Mother of Orphans, Carrie Steele Logan, Oakland Cemetery

This is part of a continuing series on Atlanta history, told through the Historic Oakland Cemetery.

m-5968The African American Grounds of the Oakland Cemetery were set up in 1866 as an area where Blacks could buy burial space. This separate section reflected the policy of racial segregation that lasted long after the Civil War. Called originally the “colored section,” was a small improvement over the “Slave Square” which was originally designated for African Americans. This section of the historic cemetery is one of the best places to take a self-guided tour, using the iPhone audio guide.

One of the most notable interments is of Carrie Steele Logan (1829-1900), known as the Mother of Orphans. In 1888 this former slave founded the first African-American orphanage in Atlanta. The Carrie Steele Pitts Home is still in existence and paid to repair her plot.

Orphaned as a child, Carrie Steele was born a slave to a Georgia plantation, but she managed to learn to read and write. She worked as a matron in the Macon railroad station after the Civil War, but later moved to Atlanta, accepting a position of “stewardess” at Union Station, in what’s now Five Points, downtown Atlanta. In the 20 years she held this job she became increasingly more concerned about the homeless Black orphans. She received permission to use an abandoned boxcar as shelter for these children during the day. At night, most came to her Wheat Street (now Auburn Avenue) home, but soon her home could not fit them all.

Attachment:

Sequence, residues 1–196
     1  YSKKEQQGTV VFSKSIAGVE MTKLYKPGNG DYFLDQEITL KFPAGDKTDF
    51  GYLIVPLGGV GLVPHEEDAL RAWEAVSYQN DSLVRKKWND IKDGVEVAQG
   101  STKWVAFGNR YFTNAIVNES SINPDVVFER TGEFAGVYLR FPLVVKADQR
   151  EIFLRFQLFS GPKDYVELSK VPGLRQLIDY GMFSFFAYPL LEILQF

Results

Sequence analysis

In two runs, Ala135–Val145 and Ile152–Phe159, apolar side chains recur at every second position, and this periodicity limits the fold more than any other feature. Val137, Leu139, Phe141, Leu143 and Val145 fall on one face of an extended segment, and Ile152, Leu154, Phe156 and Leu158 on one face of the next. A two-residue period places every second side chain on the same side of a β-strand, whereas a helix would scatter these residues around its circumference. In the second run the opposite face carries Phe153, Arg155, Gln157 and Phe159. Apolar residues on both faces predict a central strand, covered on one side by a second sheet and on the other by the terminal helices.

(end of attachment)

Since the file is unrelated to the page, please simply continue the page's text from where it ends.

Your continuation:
m-6606Buy a larger home to better take care of those orphans was her solution. She quit her job at the railroad in order to write and sell her autobiography. With the money from the sale of her original home plus financial support from organizations and individuals across Atlanta, she acquired a 2-room house, calling it the Carrie Steele Orphan Home in 1888. At this time she also married the New Year minister, Reverend Joshua Logan, who became a partner in her work.

A new and more permanent place In 1892 Atlanta Mayor William Hemphill and the city council granted her a 99 year lease on a new and larger home. The three story residence could hold 50 children and provided basic education, religious instruction and technical training.

Carrie Steele Logan directed the home until her death in 1900, and was succeeded by her longtime assistant, Clara Pitts, who continued the work for another 40 years. Pitts was succeeded by her daughter, May Maxwell Yates. It’s estimated that over the last 120+ years, over 20,000 children have been provided for at the Carrie Steele Pitts Home.

Cast bronze relief sculpture, by artist Brian R. Owens and commissioned by the Corporation for Olympic Development in Atlanta (CODA)
Cast bronze relief sculpture, by artist Brian R. Owens and commissioned by the Corporation for Olympic Development in Atlanta (CODA)

Carrie Steele Logan is buried beside her husband who died in 1904. Her epitaph is a simple tribute to the woman who was the mother of so many orphans. “Mother of Children, She Hath Done All She Could.” She was inducted into the Georgia Woman of Achievement in 1998.

Special tours at Oakland Cemetery

African American History at Oakland – Learn about the many interesting African Americans who helped shape the history of Atlanta including Mayor Maynard Jackson; Bishop Wesley John Gaines, minister and founder of Morris Brown College; Carrie Steele Logan, who established the first black orphanage in Atlanta; Antoine Graves, pioneer real estate broker; and Selena Sloan Butler, co-founder of the PTA in the United States. Dates: Saturday: 6/29, 8/31, Sunday: 3/31, 9/29.